Representation Elections

On Sunday, we reported on an eleventh-hour district court order striking down large portions of the NLRB’s new representation election rules that were set to go into effect on May 31, 2020. The district court order held certain portions of the rule were unlawful because they failed to follow proper

After an initial COVID-19 related delay, the sweeping new NLRB representation election rules that reversed the Obama-era “quickie” election process were about to go into effect on May 31, 2020.  However, an eleventh-hour district court order struck down a significant portion of the rule as unlawfully implemented for failing to

One area of controversy over the years is the NLRB’s attempt to interpret markings on representation ballots that are not clearly “yes” or “no.”  This has given rise to a number of tests for divining voter intent.  Overruling decades of conflicting precedent involving the interpretation of a voter’s intent, the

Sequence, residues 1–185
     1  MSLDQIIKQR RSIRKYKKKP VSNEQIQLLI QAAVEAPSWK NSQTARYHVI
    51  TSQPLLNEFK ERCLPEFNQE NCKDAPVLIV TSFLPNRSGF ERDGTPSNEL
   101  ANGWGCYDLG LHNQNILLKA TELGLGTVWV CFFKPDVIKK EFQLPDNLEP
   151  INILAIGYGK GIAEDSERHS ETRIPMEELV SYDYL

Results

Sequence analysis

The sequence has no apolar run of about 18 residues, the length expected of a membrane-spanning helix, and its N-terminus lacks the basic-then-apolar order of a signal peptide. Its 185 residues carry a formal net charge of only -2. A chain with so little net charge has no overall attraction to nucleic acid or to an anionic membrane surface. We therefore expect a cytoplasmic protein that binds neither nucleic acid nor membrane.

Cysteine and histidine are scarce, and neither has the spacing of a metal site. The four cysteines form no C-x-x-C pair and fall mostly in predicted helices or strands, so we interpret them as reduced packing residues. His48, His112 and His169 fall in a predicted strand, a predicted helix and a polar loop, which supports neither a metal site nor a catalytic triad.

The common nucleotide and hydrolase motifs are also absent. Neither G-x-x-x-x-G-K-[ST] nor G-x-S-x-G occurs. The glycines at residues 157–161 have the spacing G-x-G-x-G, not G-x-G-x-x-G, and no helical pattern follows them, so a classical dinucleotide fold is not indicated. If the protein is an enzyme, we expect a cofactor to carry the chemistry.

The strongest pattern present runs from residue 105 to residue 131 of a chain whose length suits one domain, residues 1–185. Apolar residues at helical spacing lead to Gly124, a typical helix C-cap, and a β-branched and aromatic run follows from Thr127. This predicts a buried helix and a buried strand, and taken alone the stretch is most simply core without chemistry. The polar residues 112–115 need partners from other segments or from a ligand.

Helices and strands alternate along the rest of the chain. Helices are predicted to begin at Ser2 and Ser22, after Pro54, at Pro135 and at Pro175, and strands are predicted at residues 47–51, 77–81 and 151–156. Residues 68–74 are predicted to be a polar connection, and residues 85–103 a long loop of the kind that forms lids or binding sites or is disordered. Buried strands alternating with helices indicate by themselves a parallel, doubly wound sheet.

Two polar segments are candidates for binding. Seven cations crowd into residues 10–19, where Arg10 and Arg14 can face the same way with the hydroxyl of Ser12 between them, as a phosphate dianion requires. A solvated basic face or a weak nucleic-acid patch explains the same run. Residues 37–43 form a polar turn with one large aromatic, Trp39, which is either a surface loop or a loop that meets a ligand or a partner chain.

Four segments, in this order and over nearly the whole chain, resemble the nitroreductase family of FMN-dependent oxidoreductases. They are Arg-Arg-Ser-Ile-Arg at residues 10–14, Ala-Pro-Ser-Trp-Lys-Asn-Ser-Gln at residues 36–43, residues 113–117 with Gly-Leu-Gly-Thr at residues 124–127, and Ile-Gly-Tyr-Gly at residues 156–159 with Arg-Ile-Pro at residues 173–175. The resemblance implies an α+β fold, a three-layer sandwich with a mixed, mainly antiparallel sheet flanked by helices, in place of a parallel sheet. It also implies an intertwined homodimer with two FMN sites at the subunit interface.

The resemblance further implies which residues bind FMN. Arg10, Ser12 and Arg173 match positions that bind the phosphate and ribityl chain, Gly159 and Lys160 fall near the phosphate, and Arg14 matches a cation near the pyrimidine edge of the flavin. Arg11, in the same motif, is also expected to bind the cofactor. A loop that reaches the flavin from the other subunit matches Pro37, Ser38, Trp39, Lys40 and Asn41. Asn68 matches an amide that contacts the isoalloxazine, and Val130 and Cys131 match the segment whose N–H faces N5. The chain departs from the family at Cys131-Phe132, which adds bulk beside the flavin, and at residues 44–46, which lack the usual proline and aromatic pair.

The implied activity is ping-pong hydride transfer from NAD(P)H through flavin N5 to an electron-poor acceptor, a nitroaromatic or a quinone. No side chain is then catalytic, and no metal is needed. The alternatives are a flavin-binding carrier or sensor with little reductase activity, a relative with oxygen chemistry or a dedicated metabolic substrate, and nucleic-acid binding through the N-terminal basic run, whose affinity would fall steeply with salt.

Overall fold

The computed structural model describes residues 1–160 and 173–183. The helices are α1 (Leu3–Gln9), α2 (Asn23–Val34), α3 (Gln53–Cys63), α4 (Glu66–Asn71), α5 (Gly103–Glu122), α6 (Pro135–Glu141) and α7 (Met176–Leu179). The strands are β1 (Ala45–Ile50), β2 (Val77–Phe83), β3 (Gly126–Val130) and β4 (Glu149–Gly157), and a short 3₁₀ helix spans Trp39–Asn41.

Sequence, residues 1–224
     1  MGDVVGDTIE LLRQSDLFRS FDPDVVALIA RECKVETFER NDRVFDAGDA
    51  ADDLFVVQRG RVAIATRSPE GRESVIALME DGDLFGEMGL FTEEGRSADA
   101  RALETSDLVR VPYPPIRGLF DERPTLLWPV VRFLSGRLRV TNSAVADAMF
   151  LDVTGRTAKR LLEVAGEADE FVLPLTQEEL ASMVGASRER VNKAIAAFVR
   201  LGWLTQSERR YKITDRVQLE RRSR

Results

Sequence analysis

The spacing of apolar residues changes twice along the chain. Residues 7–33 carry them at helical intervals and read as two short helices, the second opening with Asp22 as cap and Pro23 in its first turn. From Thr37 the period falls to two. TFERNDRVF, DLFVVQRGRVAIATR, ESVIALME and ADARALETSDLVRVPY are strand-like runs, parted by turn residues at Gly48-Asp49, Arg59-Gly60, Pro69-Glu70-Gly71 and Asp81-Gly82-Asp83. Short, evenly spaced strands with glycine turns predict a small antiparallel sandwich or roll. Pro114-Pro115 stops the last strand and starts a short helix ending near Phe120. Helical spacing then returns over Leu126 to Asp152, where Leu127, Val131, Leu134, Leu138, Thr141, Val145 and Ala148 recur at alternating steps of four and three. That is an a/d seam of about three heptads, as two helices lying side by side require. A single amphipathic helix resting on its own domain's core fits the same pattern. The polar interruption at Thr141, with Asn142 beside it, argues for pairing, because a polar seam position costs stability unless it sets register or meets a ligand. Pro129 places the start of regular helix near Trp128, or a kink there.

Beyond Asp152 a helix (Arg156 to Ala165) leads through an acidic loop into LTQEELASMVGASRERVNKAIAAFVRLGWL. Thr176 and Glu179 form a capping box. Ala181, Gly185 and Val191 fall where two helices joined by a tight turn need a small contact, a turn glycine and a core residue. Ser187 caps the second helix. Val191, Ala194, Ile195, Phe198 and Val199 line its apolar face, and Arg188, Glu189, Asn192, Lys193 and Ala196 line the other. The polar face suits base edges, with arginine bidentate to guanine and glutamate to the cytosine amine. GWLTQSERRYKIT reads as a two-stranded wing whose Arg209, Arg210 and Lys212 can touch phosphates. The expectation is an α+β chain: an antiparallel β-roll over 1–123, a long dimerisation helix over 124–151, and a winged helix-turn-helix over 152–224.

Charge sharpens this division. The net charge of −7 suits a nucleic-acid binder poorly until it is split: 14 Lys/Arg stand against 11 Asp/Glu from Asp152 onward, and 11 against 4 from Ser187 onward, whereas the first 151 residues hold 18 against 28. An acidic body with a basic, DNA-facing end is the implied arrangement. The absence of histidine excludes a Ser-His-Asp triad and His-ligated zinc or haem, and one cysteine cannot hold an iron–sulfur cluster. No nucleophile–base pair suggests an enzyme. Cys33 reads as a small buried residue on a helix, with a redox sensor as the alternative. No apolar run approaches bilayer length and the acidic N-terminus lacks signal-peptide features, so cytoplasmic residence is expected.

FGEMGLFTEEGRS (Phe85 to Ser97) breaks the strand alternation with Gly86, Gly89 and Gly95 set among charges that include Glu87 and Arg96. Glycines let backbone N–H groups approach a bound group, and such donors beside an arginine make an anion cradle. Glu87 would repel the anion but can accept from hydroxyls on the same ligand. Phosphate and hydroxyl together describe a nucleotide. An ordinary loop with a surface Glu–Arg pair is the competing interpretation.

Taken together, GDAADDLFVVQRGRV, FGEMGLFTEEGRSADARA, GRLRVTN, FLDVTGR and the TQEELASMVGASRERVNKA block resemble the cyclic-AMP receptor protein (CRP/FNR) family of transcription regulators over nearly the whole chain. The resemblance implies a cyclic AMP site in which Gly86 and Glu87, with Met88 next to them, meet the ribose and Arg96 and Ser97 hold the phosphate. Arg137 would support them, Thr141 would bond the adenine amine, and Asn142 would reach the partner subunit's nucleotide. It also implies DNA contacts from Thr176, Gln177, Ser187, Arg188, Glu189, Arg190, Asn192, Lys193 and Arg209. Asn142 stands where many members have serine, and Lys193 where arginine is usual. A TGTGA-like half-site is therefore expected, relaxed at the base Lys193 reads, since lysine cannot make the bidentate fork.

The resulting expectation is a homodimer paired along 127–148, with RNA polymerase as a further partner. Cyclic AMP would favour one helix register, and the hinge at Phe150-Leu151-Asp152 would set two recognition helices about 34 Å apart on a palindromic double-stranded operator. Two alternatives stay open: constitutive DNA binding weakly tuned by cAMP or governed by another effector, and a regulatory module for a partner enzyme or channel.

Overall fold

As most of the country’s workforce continues to adjust to the new realities of social distancing, stay-at-home orders, and limited travel, the practice of law and the forums for adjudicating disputes have shifted to video and telephonic hearings to ensure that the wheels of justice continue to turn notwithstanding COVID-19. 

The NLRB announced today in a press release that “[d]ue to the extraordinary circumstances related to the COVID-19 pandemic,” all representation elections, including mail ballot elections, will be suspended for the next two weeks, through and including April 3, 2020.  This means that any representation elections previously scheduled from

The National Labor Relations Board published a Notice of Proposed Rulemaking (“NPRM”) on Monday, August 12, 2019, proposing three amendments to its current rules and regulations aimed at addressing representation election procedures – with potentially more to come.  The NLRB made sweeping changes to the election procedures through rulemaking in

There have been many precedent changing decisions coming from the NLRB in the last few years.  Few of these changes were more hotly contested, or farther reaching, than the Board’s decision in Browning-Ferris where it altered its longstanding joint employer test.  The new joint-employer test made it much more likely